Data, not pills, was my path to relief.

Insomnia is common. About 30 percent of adults report some symptoms of it, though less than half that figure have all symptoms. Not all insomniacs are severely debilitated zombies. Consistent sleeplessness that causes some daytime problems is all it takes to be considered an insomniac. Most function quite well, and the vast majority go untreated.

The First Line of Insomnia Treatment That’ll Surprise You

Whenever most people have serious trouble sleeping, they automatically reach for a sleeping aid, whether that’s a prescription or over-the-counter medication or a natural remedy.

But these solutions, as psychologist and sleep specialist Stephanie Silberman, Ph.D, explained, are anything but.

In fact, the preferred solution — the one that research also supports — is a treatment that many people, even medical professionals, are unaware of.

Research has shown that cognitive-behavioral therapy (CBT) is highly effective for insomnia. (Effective results have been shown in a recent meta-analysis and article review.)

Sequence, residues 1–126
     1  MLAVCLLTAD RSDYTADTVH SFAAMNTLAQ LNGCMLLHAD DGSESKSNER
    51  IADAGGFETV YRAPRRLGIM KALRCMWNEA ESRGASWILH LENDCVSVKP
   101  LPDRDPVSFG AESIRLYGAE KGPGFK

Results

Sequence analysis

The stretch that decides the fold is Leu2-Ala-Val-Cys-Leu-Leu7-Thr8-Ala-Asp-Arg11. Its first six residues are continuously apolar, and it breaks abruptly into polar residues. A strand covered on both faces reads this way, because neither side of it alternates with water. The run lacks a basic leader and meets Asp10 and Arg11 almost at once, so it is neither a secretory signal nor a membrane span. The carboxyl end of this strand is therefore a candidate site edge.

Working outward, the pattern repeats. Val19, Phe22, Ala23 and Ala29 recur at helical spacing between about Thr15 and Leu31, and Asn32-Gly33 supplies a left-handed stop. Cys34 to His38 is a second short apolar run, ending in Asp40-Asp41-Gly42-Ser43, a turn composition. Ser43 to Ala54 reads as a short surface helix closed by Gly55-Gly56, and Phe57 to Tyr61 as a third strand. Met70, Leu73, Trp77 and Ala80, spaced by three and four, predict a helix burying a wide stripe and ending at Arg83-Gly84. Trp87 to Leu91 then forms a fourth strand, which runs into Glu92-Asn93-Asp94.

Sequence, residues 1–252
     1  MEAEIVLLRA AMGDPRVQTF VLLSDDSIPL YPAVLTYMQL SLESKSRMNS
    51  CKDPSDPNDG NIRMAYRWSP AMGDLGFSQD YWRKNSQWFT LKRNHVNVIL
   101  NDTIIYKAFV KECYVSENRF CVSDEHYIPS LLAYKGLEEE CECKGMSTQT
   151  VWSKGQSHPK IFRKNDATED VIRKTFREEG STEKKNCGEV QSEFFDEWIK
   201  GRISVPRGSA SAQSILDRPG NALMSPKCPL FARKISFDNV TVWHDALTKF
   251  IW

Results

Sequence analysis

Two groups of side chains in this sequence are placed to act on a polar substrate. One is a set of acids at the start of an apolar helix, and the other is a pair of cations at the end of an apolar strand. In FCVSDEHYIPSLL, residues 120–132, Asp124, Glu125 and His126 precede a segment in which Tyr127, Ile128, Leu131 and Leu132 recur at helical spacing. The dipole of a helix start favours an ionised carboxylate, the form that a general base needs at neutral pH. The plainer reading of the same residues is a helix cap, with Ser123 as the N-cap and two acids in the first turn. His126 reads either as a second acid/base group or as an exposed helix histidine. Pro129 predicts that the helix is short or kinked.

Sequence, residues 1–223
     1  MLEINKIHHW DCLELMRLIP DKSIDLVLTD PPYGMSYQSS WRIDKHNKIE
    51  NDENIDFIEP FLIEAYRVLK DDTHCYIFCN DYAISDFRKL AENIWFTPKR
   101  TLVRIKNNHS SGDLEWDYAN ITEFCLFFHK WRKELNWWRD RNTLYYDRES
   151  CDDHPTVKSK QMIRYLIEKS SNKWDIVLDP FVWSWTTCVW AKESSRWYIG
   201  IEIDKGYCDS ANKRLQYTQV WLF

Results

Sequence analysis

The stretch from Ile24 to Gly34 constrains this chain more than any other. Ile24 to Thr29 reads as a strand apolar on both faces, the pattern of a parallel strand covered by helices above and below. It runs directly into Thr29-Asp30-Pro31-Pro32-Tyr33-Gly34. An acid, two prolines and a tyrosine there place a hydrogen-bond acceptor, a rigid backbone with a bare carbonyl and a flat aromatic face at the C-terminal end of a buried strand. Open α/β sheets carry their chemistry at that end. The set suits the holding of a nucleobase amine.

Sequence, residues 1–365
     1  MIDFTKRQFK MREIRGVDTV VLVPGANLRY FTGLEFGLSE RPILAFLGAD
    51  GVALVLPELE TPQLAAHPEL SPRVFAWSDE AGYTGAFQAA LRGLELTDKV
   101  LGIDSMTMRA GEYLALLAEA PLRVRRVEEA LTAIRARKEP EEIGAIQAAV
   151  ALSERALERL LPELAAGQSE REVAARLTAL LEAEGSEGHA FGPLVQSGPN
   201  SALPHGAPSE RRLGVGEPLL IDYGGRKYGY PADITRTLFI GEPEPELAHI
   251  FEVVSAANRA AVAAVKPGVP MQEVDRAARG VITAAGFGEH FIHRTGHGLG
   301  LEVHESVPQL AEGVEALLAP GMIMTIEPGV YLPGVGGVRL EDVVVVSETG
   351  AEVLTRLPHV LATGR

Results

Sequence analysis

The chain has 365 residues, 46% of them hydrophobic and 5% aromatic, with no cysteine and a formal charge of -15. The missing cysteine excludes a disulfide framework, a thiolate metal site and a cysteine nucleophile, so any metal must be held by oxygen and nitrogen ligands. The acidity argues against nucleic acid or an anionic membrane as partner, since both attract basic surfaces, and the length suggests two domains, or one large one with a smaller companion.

To Get Better Sleep, Maybe Try Staying Awake

So you can’t sleep. An estimated 30 percent of Americans suffer from chronic insomnia, and the sensible, standard advice given to them is to practice sleep hygiene and simply try going to bed earlier. If (or when) this fails, there are of course dozens of sleep medications available over the counter or via prescription.

And yet the best treatment for chronic insomnia, according to the scientific literature, is one that most people haven’t tried, no doubt at least in part because it sounds insane: The secret to getting better sleep may be to purposefully get less of it, at least for a time.

Sleep Deprivation Is Killing You and Your Career

The next time you tell yourself that you’ll sleep when you’re dead, realize that you’re making a decision that can make that day come much sooner. Pushing late into the night is a health and productivity killer.

According to the Division of Sleep Medicine at the Harvard Medical School, the short-term productivity gains from skipping sleep to work are quickly washed away by the detrimental effects of sleep deprivation on your mood, ability to focus, and access to higher-level brain functions for days to come. The negative effects of sleep deprivation are so great that people who are drunk outperform those lacking sleep.